Defense Secretary Leon Panetta is trying to send a message during a weeklong trip to the Asia-Pacific region: The U.S. is back.
Panetta continues Monday to Vietnam, where he's hoping to build stronger defense ties. The trip began Sunday with a historic return to a key crossroads of the Vietnam War: Cam Ranh Bay.
Panetta boarded a little ferry boat Sunday in the beautiful natural harbor north of Ho Chi Minh City. On board, he asked about his destination: the USNS Richard E. Byrd, a big supply ship docked on the other side of the bay.
U.S. and Afghan forces are fighting to gain control of a major crossroads in a part of Afghanistan that has seen so few NATO troops that one village elder mistook the Americans for Russians — from the long-ago Soviet war.
"It's an absolutely crucial area," says NPR photographer David Gilkey, who has been embedded with U.S. troops involved in the offensive in eastern Afghanistan's Ghazni province.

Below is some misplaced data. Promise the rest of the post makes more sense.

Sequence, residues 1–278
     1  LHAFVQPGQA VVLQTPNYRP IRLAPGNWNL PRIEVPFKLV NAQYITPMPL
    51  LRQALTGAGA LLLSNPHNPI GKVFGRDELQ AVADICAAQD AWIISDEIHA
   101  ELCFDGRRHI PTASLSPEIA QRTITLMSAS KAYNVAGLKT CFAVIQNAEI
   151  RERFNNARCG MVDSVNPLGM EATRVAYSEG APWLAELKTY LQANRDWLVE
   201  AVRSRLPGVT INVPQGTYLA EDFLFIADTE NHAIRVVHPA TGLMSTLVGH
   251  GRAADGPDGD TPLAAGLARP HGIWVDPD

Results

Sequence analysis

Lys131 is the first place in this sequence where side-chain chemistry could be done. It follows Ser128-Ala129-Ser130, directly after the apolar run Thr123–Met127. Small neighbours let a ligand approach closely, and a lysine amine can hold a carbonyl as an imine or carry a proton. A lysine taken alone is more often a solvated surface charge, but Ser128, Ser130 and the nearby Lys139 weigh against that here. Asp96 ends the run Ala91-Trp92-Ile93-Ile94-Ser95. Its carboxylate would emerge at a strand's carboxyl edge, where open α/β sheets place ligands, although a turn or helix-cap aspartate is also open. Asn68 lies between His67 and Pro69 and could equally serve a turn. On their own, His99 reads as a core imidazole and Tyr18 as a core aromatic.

(NPR Pentagon correspondent Tom Bowman has been embedded with U.S. troops in Afghanistan this month. On Morning Edition, he reported from the eastern province of Ghazni about what's being called "the last major combat offensive of the Afghan War." Now, he tells us about his interview with the No. 2 U.S. officer in Afghanistan, Lt. Gen. Curtis Scaparrotti.)
Brig. Gen. Neil Tolley says that he has reviewed his presentation at a Special Forces Industry Conference and has come to the conclusion that he was "accurately quoted" by a reporter from the The Diplomat.